I suppose there are two ways to look at Jane Austen: what she was and what she wasn't. A fairy tale way or a real way. I think, maybe before even reading one of her novels, it is important to know, not only a little of the history and customs of her time, but a little about the lady herself. These facts make up the real "meat" of her books.
I have just finished reading two books: Darcy's Story by Janet Aylmer and The Lost Memoirs of Jane Austen by Syrie James. In all fairness, they were pretty good little books. Mr. Darcy perhaps came the closest to capturing the character she was portraying. We all are in love with him. Oddly enough, he will always resemble Colin Firth to me. But I'm such an Austen purist that I read it with difficulty. I am going to re-read it, though, and see what happens the second time. I did enjoy it.
I could not grab Lost Memoirs. Again, the purist in me came out. Anyone who reads Jane Austen should first read a TRUE account of her life. And a good history of the Regency period. Two of the best accounts of her life that I know of are A Memoir of Jane Austen by J.E. Austen-Leigh (her nephew) and Jane Austen's Letters collected by Deidre Le Faye (she is one of the best known Austen scholars). The letters are so revealing. Cassandra burned some of the letters after Jane's death. It's believed that they dealt with their mother's health and Cassandra felt they were too personal. Jane's personality comes out full force. It's delightful.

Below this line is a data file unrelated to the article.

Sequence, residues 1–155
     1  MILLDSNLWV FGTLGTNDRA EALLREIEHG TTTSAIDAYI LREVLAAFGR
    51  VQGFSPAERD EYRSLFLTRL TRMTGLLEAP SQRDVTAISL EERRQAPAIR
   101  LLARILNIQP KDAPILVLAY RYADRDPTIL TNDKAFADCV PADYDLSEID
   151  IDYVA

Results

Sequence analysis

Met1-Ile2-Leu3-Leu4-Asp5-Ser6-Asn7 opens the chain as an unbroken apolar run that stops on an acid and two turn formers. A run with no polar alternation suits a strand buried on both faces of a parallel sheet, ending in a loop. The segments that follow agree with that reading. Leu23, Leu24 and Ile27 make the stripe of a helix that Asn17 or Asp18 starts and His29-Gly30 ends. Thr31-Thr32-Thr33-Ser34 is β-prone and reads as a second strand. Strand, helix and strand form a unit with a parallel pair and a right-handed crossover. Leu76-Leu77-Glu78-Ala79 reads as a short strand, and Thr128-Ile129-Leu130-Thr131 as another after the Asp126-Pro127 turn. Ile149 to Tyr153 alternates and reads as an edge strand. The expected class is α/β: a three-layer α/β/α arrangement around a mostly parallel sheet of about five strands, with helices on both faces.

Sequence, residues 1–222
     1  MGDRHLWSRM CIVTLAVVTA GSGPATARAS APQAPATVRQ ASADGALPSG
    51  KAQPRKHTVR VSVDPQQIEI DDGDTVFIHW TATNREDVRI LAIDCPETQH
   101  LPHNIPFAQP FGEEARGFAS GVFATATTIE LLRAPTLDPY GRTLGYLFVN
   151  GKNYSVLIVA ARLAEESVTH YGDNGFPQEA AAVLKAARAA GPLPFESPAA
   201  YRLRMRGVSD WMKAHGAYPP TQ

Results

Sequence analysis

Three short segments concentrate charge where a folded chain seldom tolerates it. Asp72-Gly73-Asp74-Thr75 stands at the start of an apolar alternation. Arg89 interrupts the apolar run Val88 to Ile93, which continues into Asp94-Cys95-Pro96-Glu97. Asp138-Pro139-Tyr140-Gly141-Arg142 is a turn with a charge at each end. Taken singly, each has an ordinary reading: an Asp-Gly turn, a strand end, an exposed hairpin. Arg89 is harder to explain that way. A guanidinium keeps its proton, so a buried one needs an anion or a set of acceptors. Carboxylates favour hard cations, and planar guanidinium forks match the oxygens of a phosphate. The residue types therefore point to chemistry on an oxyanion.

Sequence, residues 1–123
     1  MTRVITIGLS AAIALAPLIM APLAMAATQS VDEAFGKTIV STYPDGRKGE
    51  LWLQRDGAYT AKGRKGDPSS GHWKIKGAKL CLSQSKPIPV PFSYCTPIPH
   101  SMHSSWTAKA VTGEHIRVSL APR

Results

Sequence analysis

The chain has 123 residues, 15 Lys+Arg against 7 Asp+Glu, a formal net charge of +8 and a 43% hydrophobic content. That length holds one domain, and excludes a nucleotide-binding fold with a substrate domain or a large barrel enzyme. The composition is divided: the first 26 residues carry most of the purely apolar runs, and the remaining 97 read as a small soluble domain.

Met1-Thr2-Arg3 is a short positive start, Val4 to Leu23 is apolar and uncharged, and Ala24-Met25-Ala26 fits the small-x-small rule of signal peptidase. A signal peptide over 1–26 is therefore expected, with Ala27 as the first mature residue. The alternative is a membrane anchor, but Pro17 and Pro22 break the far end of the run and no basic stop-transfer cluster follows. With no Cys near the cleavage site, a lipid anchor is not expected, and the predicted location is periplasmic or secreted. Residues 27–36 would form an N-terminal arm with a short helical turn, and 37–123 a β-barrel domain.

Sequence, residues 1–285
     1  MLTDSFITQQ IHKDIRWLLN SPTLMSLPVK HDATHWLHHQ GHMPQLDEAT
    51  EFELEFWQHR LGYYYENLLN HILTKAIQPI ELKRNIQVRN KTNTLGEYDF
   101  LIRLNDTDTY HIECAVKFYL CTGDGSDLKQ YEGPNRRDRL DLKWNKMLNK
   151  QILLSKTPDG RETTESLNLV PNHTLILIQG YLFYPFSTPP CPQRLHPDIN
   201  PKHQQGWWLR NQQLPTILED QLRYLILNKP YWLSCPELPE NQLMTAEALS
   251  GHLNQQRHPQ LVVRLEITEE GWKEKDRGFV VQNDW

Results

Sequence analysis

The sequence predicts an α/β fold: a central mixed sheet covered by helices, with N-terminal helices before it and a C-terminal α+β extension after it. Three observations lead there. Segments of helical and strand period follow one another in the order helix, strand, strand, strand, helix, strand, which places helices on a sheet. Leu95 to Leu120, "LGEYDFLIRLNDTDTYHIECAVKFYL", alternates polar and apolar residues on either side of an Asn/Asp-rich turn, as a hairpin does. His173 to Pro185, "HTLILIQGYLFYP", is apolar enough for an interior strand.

Too many people tend to "romanticize" Jane Austen. Poor Jane. She never married. She never had any children. She missed out on so much. Yada yada yada. I've always had the feeling that she was happy the way she was. She had opportunities to marry but she didn't. Some believe she would not marry unless it was for love. I don't think she wished to marry, period. She was a good aunt to her nieces (neices, to her) and nephews, but she wasn't a child person. I think she would have been very happy today, given the choices that women have now. She was happy in her relationship with Cassandra. She loved dancing. She hated Bath. She loved to take tea. She had the most wonderful, biting sense of humor. I don't think she missed a thing.
Take a careful look at her characters. She tended to "poke fun" at ministers. Men tended sometimes to be a little weak or indecisive or easily swayed. Mr. Bingley is a favorite " choice" of mine. Wimp. I couldn't be married to him. On the other hand, I like Mr. Gardner. Gentle giant. Old Mr. Woodhouse. What a jerk. But Mr. Martin. Patiently waited for Miss Smith. Jane Austen was a genius! What portraits she painted.